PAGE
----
Court upholds Hawaii law blocking people from openly carrying gun without a license
"Today, a majority of our court has decided that the Second Amendment does not mean what it says," Judge Diarmuid O'Scannlain wrote in a dissent.
The Ninth U.S. Circuit Court of Appeals ruled 7-4 on Wednesday to uphold a Hawaii law that blocks people from openly carrying guns if they don't have a license that is available only to individuals who are able to demonstrate that they require a firearm in order to defend life or property, though the San Francisco Chronicle noted that law enforcement and military members are exempt.
"Our review of more than 700 years of English and American legal history reveals a strong theme: government has the power to regulate arms in the public square," Judge Jay Bybee remarked in the majority opinion, according to the outlet.
"There is no right to carry arms openly in public; nor is any such right within the scope of the Second Amendment," the judge said. "It remains as true today as it was centuries ago, that the mere presence of such weapons presents a terror to the public and that widespread carrying of handguns would strongly suggest that state and local governments have lost control of our public areas."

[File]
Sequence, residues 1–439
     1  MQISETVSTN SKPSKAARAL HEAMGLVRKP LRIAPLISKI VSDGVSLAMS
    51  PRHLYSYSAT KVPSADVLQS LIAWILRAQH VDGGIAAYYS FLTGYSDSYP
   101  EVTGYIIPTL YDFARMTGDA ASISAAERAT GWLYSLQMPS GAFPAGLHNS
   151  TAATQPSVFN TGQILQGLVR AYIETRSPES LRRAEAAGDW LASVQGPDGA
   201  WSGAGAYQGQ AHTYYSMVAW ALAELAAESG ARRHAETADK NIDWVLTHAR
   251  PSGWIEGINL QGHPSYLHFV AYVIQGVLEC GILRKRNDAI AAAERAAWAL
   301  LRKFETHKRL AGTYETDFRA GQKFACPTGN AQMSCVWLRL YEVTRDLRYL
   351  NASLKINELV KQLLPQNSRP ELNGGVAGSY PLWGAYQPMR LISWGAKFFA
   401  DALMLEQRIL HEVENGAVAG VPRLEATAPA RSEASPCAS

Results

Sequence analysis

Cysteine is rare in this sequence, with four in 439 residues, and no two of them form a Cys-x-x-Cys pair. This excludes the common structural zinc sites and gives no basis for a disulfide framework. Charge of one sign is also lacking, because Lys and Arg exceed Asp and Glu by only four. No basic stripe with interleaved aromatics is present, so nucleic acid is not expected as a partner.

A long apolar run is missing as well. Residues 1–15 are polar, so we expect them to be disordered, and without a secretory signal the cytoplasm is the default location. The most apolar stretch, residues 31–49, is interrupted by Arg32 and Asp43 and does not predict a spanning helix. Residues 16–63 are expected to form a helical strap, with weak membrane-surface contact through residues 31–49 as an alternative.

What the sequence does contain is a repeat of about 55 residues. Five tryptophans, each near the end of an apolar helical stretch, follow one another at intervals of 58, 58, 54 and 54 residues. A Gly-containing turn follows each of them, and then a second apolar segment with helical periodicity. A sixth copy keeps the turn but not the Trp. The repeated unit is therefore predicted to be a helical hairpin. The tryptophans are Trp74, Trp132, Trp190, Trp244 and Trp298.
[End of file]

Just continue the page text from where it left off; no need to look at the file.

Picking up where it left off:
But Judge Diarmuid O'Scannlain in a dissent joined by three other judges, pushed back against the majority's ruling.
"The Second Amendment to the United States Constitution guarantees 'the right of the people to keep and bear Arms.' U.S. Const. amend. II (emphasis added). Today, a majority of our court has decided that the Second Amendment does not mean what it says. Instead, the majority holds that while the Second Amendment may guarantee the right to keep a firearm for self-defense within one's home, it provides no right whatsoever to bear—i.e., to carry—that same firearm for self-defense in any other place."
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